If you occasionally need to take a screenshot (or a screen capture of your screen), recent versions of Windows provide you with the Windows Snipping tool. It works well for simple jobs, but a recent Microsoft Garage project called Snip takes it to the next level.
It offers a number of advantages:
it runs in the background and is always available
it stores your screenshots in a “library” without having to save manually to a file
you can annotate your screenshot with various drawing tools. Especially useful when you are using a tablet
you can save your annotations in a video file and add voice-over to it (very handy for describing an issue)
People are often asking me if I can recommend good study material about Adobe Captivate 7. Of course, there is a lot of “free” material available on the web, especially from the Adobe site, but it is not always easy to get a full, structured overview of what is the best way to use the program to its full potential.
Recently, I had the opportunity to review Adobe Captivate 7 for Mobile Learning, written by Damien Bruyndocnkx. The title indicates that the book was written with a specific focus on the use of Captivate for Mobile Learning, but it is also a good introduction for people who are just getting started with the program and want to create animations and simulations that will just be published to pc. If you are creating e-learning content today, it is in your best interest to go directly for a “mobile-friendly” format, as you will get the question anyway to make your content available on iPad or other devices.
The book is really “hands-on”, with practical step-by-step exercise and does not just explain the features of the program, but teaches you the optimal “workflow” to produce Captivate content. This is what makes this book stand out from some others that are just explaining what the different buttons in the program do.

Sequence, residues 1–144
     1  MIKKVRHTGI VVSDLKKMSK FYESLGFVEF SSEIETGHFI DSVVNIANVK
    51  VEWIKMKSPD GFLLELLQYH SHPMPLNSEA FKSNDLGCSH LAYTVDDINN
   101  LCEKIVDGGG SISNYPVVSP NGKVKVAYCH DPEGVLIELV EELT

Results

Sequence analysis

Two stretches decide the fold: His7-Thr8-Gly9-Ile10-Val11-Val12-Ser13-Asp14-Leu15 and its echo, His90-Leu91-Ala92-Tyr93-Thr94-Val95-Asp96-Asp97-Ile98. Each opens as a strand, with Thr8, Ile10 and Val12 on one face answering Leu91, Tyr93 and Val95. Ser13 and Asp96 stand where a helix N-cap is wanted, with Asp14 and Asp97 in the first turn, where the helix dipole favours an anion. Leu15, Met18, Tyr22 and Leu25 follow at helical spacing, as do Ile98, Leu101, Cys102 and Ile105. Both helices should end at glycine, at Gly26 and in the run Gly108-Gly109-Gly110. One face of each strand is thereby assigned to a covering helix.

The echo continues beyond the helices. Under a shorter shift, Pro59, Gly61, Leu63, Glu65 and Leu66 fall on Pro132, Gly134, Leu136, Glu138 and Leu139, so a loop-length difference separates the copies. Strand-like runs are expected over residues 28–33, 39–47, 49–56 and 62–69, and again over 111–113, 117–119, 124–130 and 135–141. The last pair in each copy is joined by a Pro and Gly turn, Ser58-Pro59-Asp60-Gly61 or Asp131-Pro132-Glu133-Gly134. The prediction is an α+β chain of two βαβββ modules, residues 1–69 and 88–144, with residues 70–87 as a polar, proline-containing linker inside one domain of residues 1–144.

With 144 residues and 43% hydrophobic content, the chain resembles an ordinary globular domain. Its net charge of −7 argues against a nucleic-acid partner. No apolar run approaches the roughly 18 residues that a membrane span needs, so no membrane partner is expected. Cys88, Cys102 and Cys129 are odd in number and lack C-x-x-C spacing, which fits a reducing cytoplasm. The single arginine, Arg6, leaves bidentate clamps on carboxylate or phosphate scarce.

The book is available in e-book and paper format. Table of contents and sample chapters are available.
If you are in the training and learning business, you know that course material always has been the subject of many discussions. Some say it is necessary, others say that they are never used, but most students want “a manual”. Entire forests disappeared because of it, the added value of it is uncertain.
What if you could avoid using paper, and make the manual really deliver added value? I spent some time playing with iBooks author, a manual in Word format about an IT application, and Adobe Captivate software demo’s, to see if this could be a valuable alternative.
The workflow to replace all your paper based manuals by this solution would be:
Get yourself a Mac :–)
Get yourself an iPad if you want to preview your iBooks
This morning, I was looking for the keyboard shortcut that allows you to switch between different tabs in Internet Explorer. Like ALT+TAB allows you to switch between open windows, CTRL+TAB allows you to switch between open tabs. But there are even more interesting shortcuts I did not know about, like ALT+ENTER. Little things that can save you quite some time. See the list below, taken from the IE Help:
Open links in a new tab in the background
Ctrl while clicking the link
Open links in a new tab in the foreground
Ctrl+Shift while clicking the link
Open a new tab in the foreground
Ctrl+T or double-click an empty space on the tab row
Open a copy of the current tab in a new tab
Switch between tabs
Ctrl+Tab to move forward or Ctrl+Shift+Tab to move backward
Close the current tab (or the current window when there are no open tabs)
Ctrl+W or Alt+F4
Open a new tab in the foreground from the Address bar